Mars: Large Ice Deposits Found

Pat Wise
January 13, 2018

"The ice is concentrated in layered deposits at the poles, and also found in the shallow sub-surface at middle latitudes, as in our study".

The surface of the planet had been mapped by the Mars Reconnaissance Orbiter in much detail and Dundas and his colleagues used its pictures to locate exposed ice in small craters, glaciers and ice sheets.

The discovery was possible due to images and data sent by the Mars Reconnaissance Orbiter (MRO), launched in 2005. A study published Thursday by the journal Science contends this is a "game changer" for future human outposts.

Scientists examining the images send back by MRO have found eight different locations on Mars that reveal vast deposits of nearly pure water ice, which lie just 2 metres (6.5 feet) below the surface.

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The deposits were found at seven geological formations called scarps, with slopes up to 55 degrees, in the southern hemisphere and one in the northern hemisphere. In 2008, the Phoenix lander analyzed and confirmed the Odyssey findings as it discovered buried water ice at 68 degrees north latitude or about one-third into the planet's pole. The 3D images were studied by scientists using the High-Resolution Imaging Science Experiment camera. However, previous scans using the MRO's Shallow Radar instrument were not enough to determine the extent and make-up of ice on the Red Planet.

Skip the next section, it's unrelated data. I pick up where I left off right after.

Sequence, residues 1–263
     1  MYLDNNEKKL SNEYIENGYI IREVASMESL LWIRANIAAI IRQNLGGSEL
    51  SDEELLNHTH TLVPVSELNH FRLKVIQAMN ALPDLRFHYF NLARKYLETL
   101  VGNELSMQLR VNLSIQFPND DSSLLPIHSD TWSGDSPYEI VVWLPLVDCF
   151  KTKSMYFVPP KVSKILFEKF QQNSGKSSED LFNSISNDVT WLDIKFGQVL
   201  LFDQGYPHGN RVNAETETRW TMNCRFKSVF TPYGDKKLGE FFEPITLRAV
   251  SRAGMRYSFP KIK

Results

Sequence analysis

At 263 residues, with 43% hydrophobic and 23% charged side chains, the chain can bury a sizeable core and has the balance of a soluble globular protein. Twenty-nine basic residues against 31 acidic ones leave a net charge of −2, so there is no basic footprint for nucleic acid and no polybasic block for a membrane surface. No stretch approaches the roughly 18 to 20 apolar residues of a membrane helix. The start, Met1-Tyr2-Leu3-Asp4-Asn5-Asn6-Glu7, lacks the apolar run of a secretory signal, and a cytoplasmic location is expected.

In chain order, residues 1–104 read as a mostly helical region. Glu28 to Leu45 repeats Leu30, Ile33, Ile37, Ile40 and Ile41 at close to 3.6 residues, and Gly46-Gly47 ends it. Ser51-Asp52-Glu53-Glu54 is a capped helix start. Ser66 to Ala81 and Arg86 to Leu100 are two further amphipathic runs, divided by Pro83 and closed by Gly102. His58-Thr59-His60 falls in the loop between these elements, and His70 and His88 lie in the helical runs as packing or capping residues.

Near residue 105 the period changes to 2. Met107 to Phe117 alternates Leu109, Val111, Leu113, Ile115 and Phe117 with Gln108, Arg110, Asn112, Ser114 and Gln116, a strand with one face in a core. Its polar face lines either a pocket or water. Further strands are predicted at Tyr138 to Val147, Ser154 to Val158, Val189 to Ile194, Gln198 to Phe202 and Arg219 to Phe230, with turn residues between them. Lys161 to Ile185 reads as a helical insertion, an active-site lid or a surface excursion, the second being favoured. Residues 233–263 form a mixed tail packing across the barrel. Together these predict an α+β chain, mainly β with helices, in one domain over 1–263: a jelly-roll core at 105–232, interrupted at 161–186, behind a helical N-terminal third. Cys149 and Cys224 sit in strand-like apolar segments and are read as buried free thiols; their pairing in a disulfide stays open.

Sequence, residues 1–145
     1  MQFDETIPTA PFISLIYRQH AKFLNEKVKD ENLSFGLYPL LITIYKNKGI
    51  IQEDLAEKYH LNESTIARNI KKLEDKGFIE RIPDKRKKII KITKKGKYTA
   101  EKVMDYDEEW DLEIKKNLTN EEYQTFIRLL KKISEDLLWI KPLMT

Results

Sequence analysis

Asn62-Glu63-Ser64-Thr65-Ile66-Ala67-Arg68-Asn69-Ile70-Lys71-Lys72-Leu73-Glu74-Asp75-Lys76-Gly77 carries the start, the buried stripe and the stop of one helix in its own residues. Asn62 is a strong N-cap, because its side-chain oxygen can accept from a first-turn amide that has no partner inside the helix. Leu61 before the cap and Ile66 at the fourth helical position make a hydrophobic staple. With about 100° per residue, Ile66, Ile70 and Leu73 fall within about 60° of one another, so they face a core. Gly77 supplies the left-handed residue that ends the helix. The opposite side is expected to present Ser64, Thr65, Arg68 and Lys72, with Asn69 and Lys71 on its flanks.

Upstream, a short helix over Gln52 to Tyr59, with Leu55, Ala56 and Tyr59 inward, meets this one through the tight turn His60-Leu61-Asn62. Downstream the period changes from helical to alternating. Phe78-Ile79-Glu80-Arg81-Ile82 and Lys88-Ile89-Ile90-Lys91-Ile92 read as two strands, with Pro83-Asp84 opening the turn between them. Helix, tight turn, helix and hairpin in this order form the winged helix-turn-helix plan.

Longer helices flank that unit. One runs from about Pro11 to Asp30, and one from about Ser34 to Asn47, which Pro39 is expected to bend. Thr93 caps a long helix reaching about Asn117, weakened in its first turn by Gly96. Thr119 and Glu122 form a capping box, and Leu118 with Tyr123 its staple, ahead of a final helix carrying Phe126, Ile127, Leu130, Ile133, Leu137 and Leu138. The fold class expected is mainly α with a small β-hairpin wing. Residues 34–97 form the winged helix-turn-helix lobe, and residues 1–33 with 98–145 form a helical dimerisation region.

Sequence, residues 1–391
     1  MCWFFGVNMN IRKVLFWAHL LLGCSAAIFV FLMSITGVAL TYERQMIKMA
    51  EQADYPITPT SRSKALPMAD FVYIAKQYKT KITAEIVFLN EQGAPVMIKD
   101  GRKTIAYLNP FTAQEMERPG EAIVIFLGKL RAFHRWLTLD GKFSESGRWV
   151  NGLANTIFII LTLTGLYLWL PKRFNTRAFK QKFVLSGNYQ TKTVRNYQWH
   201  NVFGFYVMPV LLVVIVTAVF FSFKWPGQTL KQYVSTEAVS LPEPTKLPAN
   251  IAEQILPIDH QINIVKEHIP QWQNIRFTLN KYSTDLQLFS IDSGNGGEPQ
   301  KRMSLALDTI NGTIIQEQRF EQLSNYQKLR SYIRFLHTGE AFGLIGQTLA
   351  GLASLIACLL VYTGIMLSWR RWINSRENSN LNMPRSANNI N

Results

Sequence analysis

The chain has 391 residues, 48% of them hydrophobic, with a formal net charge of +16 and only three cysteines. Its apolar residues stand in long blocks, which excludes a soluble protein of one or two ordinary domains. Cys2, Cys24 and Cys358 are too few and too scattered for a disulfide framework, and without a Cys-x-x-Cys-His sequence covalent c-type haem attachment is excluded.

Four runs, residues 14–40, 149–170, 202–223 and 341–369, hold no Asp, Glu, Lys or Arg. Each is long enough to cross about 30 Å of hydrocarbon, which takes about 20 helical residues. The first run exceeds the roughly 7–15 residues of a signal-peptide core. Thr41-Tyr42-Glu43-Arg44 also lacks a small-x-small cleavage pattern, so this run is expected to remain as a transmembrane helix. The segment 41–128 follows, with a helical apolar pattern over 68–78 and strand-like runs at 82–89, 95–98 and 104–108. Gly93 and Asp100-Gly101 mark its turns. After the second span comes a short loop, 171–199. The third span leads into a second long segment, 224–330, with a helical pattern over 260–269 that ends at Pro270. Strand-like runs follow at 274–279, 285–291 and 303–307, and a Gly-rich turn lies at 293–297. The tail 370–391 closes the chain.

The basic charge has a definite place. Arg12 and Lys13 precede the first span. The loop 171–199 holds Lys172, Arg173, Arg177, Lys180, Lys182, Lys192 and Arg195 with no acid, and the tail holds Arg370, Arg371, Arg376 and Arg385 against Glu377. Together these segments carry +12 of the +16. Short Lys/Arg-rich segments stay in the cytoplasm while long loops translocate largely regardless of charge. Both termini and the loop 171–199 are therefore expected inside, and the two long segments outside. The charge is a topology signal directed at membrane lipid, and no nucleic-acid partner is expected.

Scientists now want to seek out similar cliffs closer to the equator, hoping that the next surprise awaiting them is the discovery of ice nearer to the tropics. This discovery came from spotting the edges of these deposits, which are eroding away to form tall cliffs that expose the ice to the thin Martian air. "It's like having one of those ant farms where you can see through the glass on the side to learn about what's usually hidden beneath the ground". "In the mid-latitudes, it's normally covered by a blanket of dust or regolith", loose bits of rock atop a layer of bedrock, said research geologist Colin Dundas of the US Geological Survey's Astrogeology Science Center in Flagstaff, Arizona, who led the study.

Additionally, the scientists discovered the ice sheets in eight difference places that could be future sources of water for astronauts. "You can go out with a bucket and shovel and just collect as much water as you need". What's more, bands and variations in color suggest that the ice contains distinct layers, which could be used to understand changes in Mars' climate over time (the ice sheets themselves likely formed as snow accumulated over time).

NASA plans to send the first human explorers to Mars by the 2030s.

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